16 Reasons Your Belly Fat Isn’t Going Away

16 Reasons Your Belly Fat Isn’t Going Away


16 Reasons Your Belly Fat Isn’t Going Away


The abs are, unfortunately, some of the hardest muscles to tone in the body. The midsection is the first place most people, particularly women, store weight. It’s just the way the body works.

“People think targeting just the abs and doing thousands of crunches will help them reach their goals,” Joey Gonzalez, CEO and trainer at Barry's Bootcamp, says.

“However, since it’s such a difficult spot, targeting the abs requires diet discipline, cardio for fat burning, and strength training for your entire body, not JUST your abs.”

Crunches are not the best option because they put too much pressure on your neck and lower back. That's why they are one of the exercises doctors will never do.

Other culprits, some of which are surprising, are soft drinks, which are slowly killing you, low-fat diets, eating too few carbs, neglecting strength training, and lack of sleep, which leads to weight gain in many ways.

1. You can’t stay away from carbonated drinks


“A flat stomach with visible abs cannot be achieved if poor eating habits are in place,” Gonzalez says. “Anything carbonated will produce unwanted bloat.” In a study conducted by the University of Texas Health Science Center at San Antonio, people who drank two or more diet sodas a day had waist sizes that were six times bigger than those who didn’t drink diet soda (which is in some ways even worse then regular soda).

2. Processed foods are your weakness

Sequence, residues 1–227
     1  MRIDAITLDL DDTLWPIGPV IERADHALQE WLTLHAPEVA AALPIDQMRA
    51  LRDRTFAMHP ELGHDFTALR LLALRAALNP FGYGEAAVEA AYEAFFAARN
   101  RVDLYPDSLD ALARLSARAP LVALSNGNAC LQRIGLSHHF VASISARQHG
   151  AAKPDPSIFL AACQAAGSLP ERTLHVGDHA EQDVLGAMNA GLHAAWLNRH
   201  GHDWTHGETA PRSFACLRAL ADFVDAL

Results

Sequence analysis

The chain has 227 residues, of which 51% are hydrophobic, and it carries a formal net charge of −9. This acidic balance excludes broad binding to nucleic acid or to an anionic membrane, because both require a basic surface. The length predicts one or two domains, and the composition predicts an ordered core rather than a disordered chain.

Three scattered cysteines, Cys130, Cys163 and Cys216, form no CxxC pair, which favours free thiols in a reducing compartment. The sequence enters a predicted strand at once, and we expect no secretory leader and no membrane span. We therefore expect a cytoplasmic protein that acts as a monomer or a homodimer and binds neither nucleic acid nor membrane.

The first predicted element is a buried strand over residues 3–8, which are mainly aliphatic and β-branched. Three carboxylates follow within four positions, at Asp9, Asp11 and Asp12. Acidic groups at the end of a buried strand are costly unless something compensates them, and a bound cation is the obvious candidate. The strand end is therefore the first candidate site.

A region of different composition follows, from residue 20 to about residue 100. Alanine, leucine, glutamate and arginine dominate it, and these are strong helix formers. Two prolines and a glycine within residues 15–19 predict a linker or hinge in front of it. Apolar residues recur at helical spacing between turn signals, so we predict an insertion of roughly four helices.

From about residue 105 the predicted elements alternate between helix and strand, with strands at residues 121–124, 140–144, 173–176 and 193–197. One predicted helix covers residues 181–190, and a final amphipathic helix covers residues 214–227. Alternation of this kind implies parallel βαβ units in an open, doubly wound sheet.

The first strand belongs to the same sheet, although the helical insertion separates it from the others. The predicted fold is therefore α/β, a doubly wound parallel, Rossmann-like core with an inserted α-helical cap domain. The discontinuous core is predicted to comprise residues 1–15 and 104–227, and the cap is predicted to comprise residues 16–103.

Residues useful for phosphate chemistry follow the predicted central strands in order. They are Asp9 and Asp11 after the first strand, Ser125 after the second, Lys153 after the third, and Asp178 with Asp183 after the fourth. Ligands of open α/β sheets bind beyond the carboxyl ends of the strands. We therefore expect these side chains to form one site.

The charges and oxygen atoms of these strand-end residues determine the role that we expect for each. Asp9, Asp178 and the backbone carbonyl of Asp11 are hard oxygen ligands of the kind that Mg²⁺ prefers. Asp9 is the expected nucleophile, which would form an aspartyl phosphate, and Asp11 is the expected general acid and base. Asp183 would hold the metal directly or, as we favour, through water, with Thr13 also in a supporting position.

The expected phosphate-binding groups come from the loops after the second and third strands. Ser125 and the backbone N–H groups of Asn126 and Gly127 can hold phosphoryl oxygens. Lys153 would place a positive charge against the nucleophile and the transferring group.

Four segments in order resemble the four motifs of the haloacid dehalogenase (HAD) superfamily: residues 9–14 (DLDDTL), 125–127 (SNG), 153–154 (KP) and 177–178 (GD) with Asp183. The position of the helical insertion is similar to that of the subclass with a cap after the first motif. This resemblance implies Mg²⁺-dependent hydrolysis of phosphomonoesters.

“Any processed foods, particularly those that are high in saturated fat and sugar, should be avoided if you want to shed pounds around your middle,” Gonzalez says. Processed foods have a lot of sodium which leads to fluid retention. For this reason, many trainers never eat this kind of food. It can also have a lot of Trans fats. Labels are allowed to round down Trans fats grams to 0 if they have less than 0.5g per serving, but most people eat more than what they determine a serving is.

3. You have not cut alcohol

Studies link alcohol consumption to bigger waists because when you drink booze, the liver burns alcohol instead of fat. Booze also has a lot of sugar. Losing weight depends on many factors, but calories in vs. calories out are a huge component. Keep it less than 10 percent of your calories for the day, Joey Gochnour, Registered Dietitian Nutritionist and Certified Personal Trainer at Nutrition and Fitness Professional, LLC, says. That is usually one drink for women and two for men.

4. You’re not doing enough cardio